WASHINGTON — In the final weeks of Mitt Romney's term as Massachusetts governor, a small team of aides combed through statehouse filing cabinets. They filled more than 630 cartons with papers destined for the state archives as the primary documentary legacy of his administration. One floor, though, was almost completely off limits to them: Romney's inner sanctum, his third-floor office.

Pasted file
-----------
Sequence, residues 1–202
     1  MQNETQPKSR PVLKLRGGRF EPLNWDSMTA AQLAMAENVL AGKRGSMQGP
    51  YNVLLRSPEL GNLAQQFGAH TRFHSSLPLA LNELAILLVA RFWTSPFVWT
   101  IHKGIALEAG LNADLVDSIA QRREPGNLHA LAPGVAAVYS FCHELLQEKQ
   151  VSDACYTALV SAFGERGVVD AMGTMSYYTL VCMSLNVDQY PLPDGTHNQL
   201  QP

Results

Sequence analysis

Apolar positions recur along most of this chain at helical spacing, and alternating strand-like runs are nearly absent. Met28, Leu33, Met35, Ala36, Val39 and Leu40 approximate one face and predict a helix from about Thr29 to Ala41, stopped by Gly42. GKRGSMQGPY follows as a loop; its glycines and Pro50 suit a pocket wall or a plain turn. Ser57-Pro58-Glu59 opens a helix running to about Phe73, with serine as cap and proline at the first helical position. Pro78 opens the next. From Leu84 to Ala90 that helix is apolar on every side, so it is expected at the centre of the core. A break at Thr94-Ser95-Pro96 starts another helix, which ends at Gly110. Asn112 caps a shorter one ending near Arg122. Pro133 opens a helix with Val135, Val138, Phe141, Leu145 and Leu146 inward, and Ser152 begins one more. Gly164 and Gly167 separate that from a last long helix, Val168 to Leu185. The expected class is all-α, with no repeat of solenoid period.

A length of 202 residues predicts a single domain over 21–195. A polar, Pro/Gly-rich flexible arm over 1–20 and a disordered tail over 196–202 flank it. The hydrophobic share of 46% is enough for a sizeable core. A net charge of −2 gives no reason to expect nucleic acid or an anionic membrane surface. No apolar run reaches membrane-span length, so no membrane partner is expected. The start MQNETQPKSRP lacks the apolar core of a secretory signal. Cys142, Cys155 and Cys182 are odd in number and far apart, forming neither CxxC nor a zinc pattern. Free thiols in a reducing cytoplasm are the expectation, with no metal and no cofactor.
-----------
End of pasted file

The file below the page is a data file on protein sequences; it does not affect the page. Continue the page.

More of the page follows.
Romney's selective policy toward public access and preservation of his executive records raises stark questions about how transparent his administration would be if he were to become president. He's not alone. Other leading candidates for the presidency — incumbent Barack Obama and Texas Gov. Rick Perry — have touted their commitment to transparency, but their administrations also have been selective at times in the records they disclose. They have limited, stalled or denied access when it suited their purposes.